The idiot cops,dea,legislators,and medical boards should have left this and countless other drs alone and we would not have the heroine,fentanyl drug overdose deaths we have today,I guarantee you that dr nor any other so called pill mill dr ever wrote a prescription telling patients to take 10-20 pills per day,it didn’t happen,it’s the patients fault for not following the drs prescribing orders and the patient is the one who sells their medications,no dr prescribed cooking pills down in a spoon and shooting it up your arm,these drs got a bad rap and raw end of the deal,things were much better like that than they are now I promise you this

    Reply

    • Posted by Christy Lynn on July 24, 2022 at 3:30 am

      My comment to “Sparky”: I would wager that you have not had a close family or friend develop an addiction and/or dependance on a opioids,
      As a nurse practitioner in recovery, and who has met many people in recovery, I promise you that the majority of those who people didn’t plan to become addicted. Also, sure, a prescribing provider most likely will not instruct a patient to “take 10-20 pills a day” –it doesn’t mean they are excused from a professional liability and a code of ethics. Most people who develop an addiction to pain medication will eventually show a few or even numerous “red flags” that will clue in the medical provider that their patient is slipping down a dangerous path. As Dr Burson explained perfectly — a pill mill provider spends less than 1 minute with a patient, often exchanging the prescription for a large cash fee for the “visit”. They are no better than a street dealer.

      That being said…I have mixed feelings on criminal prosecution of prescribing providers, many who simply made poor choices, fell into working with the wrong partners in practice. I think there is fair argument against law enforcement using the Control Substance Act to prosecute providers. However, Police officers and others in authority absolutely should hold those “Pill Mill” prescribing providers accountable, as they are the equivalent to a street level drug dealer who sells cocaine, heroin, etc. I believe the anger you note towards “idiot cops, medical boards” or “junkies” is misplaced. It comes across that you see yourself on a higher moral ground because you don’t believe yourself to be an addict. Those in active addiction who “shoot up fentanyl” or “take 20 pills a day more than prescribed” — I would argue you are as addicted to your beloved pain regimen, even if you “take your meds like my doctor tells me to”. I have a strong suspicion that you likely have more in common with those in active addiction than you believe. All of that to say, please try to be less critical and judge less. Most people in active addiction and recovery are good people, and never planned to be where they are. Trust that I speak from experience. I am a nurse practitioner who is now five years in recovery, I became addicted to Percocet as a result of a work related injury.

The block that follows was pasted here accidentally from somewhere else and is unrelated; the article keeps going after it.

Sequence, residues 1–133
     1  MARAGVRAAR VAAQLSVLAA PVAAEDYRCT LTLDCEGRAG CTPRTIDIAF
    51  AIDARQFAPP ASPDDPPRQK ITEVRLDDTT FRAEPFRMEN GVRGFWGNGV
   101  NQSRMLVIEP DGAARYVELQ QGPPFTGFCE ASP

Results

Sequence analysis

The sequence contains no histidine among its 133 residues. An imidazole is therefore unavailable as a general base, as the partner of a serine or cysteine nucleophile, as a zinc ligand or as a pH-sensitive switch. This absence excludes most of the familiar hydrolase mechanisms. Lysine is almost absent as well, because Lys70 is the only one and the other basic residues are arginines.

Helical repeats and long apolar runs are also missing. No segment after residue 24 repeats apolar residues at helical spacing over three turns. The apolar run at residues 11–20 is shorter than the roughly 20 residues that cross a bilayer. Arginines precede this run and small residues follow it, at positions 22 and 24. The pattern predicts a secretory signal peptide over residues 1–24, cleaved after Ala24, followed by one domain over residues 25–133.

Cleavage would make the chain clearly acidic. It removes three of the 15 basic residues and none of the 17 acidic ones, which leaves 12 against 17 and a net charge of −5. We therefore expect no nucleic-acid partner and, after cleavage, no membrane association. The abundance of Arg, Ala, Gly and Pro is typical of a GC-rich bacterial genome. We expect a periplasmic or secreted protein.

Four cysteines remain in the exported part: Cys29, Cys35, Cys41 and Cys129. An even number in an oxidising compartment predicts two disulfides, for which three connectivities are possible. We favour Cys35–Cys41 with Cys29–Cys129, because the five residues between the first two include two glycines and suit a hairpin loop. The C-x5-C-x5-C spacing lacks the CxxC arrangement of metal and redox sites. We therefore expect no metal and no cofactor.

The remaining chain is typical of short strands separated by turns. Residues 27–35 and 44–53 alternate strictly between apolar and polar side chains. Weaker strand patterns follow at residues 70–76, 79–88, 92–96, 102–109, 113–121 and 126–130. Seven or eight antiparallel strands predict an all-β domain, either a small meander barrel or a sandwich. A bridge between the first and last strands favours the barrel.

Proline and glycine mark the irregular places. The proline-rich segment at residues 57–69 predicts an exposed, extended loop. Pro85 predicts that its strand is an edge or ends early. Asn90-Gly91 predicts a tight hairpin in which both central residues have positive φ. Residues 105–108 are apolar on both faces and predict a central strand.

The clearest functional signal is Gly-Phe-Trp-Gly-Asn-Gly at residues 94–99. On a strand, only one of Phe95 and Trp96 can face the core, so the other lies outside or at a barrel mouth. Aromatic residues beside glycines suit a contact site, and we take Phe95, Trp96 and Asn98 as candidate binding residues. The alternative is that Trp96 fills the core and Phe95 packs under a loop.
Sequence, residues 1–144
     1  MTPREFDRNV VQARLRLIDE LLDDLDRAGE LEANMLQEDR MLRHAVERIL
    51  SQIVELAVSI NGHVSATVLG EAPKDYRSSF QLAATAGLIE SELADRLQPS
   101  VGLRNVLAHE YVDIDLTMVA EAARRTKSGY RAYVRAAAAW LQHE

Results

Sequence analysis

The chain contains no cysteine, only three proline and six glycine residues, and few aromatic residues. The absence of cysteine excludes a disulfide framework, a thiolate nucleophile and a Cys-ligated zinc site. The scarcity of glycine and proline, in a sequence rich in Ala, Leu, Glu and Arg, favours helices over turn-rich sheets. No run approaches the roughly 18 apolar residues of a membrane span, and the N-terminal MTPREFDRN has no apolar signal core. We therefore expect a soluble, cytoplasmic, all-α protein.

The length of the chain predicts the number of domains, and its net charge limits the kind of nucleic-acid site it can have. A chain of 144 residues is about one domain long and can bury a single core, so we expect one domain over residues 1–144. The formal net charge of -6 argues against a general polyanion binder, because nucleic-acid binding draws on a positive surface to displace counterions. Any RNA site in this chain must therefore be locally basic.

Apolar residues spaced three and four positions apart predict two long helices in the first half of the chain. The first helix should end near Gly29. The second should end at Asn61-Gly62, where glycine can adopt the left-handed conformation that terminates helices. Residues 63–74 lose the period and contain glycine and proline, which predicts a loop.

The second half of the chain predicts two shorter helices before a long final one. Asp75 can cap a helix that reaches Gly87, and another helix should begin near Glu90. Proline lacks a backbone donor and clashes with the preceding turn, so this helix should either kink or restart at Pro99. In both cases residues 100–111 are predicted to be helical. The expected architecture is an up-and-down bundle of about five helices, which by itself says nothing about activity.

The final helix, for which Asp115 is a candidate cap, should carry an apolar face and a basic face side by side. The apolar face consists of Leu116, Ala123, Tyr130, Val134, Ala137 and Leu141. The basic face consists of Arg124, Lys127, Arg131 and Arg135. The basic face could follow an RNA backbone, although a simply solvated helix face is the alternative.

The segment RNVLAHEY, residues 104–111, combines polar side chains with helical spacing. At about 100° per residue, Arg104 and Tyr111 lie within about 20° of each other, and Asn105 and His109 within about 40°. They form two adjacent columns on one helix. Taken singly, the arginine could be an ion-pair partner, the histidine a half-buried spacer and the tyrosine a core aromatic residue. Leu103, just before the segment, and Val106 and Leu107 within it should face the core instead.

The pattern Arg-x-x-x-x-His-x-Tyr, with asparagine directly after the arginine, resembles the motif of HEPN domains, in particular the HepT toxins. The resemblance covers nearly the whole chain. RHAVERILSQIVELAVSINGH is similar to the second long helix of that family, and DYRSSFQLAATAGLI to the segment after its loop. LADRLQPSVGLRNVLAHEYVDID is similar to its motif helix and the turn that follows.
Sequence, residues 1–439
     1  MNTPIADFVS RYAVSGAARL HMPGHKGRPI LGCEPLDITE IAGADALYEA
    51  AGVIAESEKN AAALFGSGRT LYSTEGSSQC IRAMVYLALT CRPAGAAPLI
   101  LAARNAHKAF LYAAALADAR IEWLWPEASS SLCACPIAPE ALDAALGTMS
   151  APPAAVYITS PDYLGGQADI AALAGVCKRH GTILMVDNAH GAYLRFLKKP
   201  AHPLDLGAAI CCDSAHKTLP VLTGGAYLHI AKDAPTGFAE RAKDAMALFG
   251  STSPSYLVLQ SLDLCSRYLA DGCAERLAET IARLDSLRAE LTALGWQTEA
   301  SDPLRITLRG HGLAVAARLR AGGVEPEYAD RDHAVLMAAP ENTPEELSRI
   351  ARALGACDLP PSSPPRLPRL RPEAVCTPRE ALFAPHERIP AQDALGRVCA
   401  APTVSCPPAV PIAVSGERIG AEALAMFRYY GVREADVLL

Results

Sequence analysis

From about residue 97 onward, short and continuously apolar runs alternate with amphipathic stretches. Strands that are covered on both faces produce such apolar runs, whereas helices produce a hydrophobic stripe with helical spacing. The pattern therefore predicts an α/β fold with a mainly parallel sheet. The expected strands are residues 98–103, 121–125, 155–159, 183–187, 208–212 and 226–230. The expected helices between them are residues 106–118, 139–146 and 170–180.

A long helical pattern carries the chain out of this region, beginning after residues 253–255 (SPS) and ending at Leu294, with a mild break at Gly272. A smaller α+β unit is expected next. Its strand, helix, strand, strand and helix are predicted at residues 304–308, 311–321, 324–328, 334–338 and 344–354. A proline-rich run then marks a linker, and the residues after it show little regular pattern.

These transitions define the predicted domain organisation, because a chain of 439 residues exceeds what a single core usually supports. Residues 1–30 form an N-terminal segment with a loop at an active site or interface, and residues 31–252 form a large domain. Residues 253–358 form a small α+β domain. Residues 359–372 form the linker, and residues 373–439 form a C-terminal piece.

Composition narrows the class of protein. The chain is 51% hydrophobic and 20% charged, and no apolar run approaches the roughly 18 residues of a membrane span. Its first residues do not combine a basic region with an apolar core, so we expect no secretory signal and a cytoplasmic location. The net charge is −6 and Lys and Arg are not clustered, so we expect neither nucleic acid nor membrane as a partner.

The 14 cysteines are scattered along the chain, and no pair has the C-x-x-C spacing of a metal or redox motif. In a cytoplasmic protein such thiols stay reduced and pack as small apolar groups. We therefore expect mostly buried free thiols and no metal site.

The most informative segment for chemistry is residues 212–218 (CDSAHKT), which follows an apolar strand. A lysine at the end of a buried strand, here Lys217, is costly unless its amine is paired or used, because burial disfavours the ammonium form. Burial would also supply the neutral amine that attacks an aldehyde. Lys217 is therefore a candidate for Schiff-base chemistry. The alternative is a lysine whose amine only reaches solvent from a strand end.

Thank you Dr Burson for the review on this book. I will definitely put it on my list to pick up! I recommend your blog to colleagues and those in my recovery peer group.

      Reply

  3. Posted by Sparky on July 18, 2022 at 5:01 am

    Also now when a person truly does have pain that should require an opioid prescription no dr will even think about it,they say oh you can take Tylenol with a bone sticking out of your arm,these idiots ruined it for everybody,and idiots I mean cops,dea,legislators and medical boards

    Reply

    • Posted by Charles Erickson on July 18, 2022 at 12:05 pm

      It’s as though they go from one extreme to another. People do have a legitimate need for opioid scripts, and they don’t need the additional pain of some fool pharmacy tech treating them like criminals.

      Reply

  4. I have a tendency to write in the manner. I tend to jump around. Of course I’m not detailing an investigation and trial. That might confuse the hell out of most folks! I agree with you four years is absurd if you honestly suspected patients were becoming addicted at an alarming rate! Wouldn’t it be in the best interest of the actual PEOPLE to not drag feet?? I had decided to go ahead and write about a highly unusual doctor’s visit I had a few years ago. Hopefully you’ll receive an opportunity to read it. It’s awfully strange, interesting and funny. Plus it shows folks what it took for a former methadone maintenance patient to recieve adequate care.
    I’ll add that it’s gotta be the strangest doctor appointment in the history of the universe! Stay tuned. Thank you

    Reply